Chris is now 73, and his musical career stretches back to the 1950s, when he formed a skiffle group which won a national competition. He started making records in 1962 and his big breakthrough a few years later came of course with Out Of Time, often cited as one of the Sixties’ very finest records. Mick Jagger and Keith Richard wrote the song for Chris, and Mick produced the single and appeared on it as a backing singer. Chris recalls, ‘Funnily enough I didn’t like the song at first. I saw myself as an r’n’b and blues singer, and it seemed too “pop” to me. But Mick said, wait until you hear it with a full orchestra behind it. And he was right – it’s a great song. I’ve still got photographs of the recording session.’
Another song written for Chris was the classic Mike D’Abo composition Handbags and Gladrags. Chris had a hit with it, and in later years there have also been successful versions by the likes of Rod Stewart and the Stereophonics. We ask Chris how he feels about these later versions – have they stolen some of his glory? ‘Well, I’m proud my version’s the original and that Mike D’Abo wrote it for me. And when it’s played my name often gets mentioned anyway!’
A song that slipped through his fingers however was Yesterday. He tells us the story. ‘I was having a drink with Paul McCartney at a London club called the Scotch of St James. I asked him what he was up to and he said he’d been working on a song, which later turned out to be Yesterday. He told me he thought it was ideal material for me and asked me to give him a ring. Unfortunately I got blind drunk, woke up the next morning with a hangover and never did anything about it.’ He did though record the song for an album a year or two later, and also cut another Beatles composition, recording a superb version of We Can Work It Out. ‘I did my own arrangement of the song for that single and tried to do something different with it.’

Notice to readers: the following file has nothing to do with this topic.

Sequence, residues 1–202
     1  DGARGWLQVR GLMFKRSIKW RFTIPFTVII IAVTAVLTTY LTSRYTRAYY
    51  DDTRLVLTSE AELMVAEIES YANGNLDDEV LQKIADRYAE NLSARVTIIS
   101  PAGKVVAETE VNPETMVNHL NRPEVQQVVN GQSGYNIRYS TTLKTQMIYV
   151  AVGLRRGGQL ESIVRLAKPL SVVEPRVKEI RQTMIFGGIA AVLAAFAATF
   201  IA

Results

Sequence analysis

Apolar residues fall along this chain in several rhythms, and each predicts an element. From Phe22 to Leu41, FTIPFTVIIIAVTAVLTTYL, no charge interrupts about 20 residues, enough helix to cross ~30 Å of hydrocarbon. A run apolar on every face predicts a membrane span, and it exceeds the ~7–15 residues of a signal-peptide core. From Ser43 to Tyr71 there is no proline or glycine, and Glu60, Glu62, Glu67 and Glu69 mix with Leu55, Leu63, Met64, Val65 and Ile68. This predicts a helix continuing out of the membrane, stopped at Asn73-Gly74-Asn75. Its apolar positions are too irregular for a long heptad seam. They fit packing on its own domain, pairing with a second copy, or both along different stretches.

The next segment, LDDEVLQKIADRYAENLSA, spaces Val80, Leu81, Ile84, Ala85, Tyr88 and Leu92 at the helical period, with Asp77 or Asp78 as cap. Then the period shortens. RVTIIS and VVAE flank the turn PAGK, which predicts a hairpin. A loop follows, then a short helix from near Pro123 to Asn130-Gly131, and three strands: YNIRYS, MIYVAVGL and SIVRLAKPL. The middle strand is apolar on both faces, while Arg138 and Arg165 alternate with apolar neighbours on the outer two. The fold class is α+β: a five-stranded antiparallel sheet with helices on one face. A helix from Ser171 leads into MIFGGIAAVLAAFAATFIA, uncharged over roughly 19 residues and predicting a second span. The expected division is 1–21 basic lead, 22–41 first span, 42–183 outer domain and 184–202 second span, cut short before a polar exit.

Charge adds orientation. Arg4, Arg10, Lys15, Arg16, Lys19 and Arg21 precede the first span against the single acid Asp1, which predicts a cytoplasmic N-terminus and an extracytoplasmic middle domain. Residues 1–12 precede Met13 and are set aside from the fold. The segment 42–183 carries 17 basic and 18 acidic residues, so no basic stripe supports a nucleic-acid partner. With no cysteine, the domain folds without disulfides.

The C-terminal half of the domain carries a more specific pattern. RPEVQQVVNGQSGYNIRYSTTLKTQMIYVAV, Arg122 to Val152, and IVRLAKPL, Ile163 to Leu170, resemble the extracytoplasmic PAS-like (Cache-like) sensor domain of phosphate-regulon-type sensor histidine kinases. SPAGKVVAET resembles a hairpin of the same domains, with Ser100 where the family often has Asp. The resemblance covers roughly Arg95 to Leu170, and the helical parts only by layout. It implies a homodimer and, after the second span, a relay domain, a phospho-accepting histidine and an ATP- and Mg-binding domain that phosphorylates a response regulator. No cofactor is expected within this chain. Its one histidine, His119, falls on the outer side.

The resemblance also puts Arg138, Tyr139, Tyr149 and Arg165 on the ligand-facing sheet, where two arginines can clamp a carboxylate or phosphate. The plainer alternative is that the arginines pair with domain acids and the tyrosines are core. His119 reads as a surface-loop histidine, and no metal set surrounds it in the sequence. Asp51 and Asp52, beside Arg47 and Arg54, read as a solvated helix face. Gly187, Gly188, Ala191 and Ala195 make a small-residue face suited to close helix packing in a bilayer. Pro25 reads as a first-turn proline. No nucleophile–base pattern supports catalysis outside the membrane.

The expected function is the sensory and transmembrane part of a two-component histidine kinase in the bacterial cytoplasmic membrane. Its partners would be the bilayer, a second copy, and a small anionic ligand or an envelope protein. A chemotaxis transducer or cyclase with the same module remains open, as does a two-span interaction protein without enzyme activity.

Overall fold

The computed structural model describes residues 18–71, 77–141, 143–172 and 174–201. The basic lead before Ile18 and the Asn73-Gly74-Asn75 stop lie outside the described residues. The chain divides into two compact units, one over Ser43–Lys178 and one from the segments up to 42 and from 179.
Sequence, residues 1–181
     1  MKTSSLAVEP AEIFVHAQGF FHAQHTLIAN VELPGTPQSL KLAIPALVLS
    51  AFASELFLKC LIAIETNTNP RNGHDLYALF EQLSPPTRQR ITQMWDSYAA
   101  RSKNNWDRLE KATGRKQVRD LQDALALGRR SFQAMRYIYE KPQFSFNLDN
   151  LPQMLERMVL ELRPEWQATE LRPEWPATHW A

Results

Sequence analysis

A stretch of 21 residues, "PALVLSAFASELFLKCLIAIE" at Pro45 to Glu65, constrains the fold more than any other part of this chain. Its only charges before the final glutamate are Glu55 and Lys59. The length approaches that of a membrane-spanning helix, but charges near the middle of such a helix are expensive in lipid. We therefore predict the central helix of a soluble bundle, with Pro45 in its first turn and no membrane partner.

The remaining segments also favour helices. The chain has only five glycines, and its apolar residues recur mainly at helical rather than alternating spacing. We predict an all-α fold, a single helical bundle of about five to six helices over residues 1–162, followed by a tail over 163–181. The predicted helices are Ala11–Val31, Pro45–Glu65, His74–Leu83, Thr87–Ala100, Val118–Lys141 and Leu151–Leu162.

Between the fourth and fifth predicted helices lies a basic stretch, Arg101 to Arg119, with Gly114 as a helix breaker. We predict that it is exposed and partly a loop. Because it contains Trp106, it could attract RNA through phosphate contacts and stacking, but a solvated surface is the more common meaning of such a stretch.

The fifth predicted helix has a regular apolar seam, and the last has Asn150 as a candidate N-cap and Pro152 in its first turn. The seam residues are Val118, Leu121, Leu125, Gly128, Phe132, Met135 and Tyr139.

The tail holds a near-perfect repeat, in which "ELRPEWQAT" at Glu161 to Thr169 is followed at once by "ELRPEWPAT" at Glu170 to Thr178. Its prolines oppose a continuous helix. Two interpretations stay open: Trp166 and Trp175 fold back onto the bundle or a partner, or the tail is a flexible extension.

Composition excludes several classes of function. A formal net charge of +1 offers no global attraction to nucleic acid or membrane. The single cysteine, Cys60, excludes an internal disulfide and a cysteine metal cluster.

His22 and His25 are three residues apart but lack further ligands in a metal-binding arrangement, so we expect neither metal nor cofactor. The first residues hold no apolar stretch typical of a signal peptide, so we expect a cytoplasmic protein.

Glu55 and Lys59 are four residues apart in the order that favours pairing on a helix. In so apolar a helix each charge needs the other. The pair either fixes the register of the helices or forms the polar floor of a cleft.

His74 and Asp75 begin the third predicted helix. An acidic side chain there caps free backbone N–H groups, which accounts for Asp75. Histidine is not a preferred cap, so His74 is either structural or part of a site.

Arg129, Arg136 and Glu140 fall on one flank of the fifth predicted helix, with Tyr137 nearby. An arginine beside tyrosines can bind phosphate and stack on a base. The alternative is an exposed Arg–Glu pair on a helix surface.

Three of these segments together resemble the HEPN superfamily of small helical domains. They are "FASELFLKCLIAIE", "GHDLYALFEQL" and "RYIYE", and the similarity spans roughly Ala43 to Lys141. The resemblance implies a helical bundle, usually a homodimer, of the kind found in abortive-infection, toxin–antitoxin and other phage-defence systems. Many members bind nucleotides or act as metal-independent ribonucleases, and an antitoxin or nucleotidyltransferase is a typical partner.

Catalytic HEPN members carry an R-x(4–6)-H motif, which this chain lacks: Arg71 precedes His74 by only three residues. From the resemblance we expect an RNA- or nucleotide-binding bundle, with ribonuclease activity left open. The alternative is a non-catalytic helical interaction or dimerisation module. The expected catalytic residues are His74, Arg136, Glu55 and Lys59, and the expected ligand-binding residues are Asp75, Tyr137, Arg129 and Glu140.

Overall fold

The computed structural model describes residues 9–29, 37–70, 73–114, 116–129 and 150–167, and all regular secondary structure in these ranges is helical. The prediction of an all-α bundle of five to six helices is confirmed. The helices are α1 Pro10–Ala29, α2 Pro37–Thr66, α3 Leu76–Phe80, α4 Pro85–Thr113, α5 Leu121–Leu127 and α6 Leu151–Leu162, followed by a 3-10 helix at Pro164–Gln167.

Another interesting encounter with a musical legend involved soul giant Otis Redding. ‘I was playing a show at the Flamingo club in London and someone told me he was in the audience watching me sing. I thought they were having me on but afterwards I was in the dressing room, the door opened and he walked in. He said, “Man, you’re a great singer, you’re a soul brother”. He told me he was doing a TV show on Friday and asked me to appear on it with him.’ That show was one of the most celebrated episodes of the classic TV series Ready Steady Go (you can see clips from it on YouTube). Otis performed several songs, Chris had his own spot and the two – accompanied by Eric Burdon of the Animals – join forces for a rousing finale. Chris remembers, ‘After that we did some more concerts together and became good friends, so it was a terrible shock when he died.’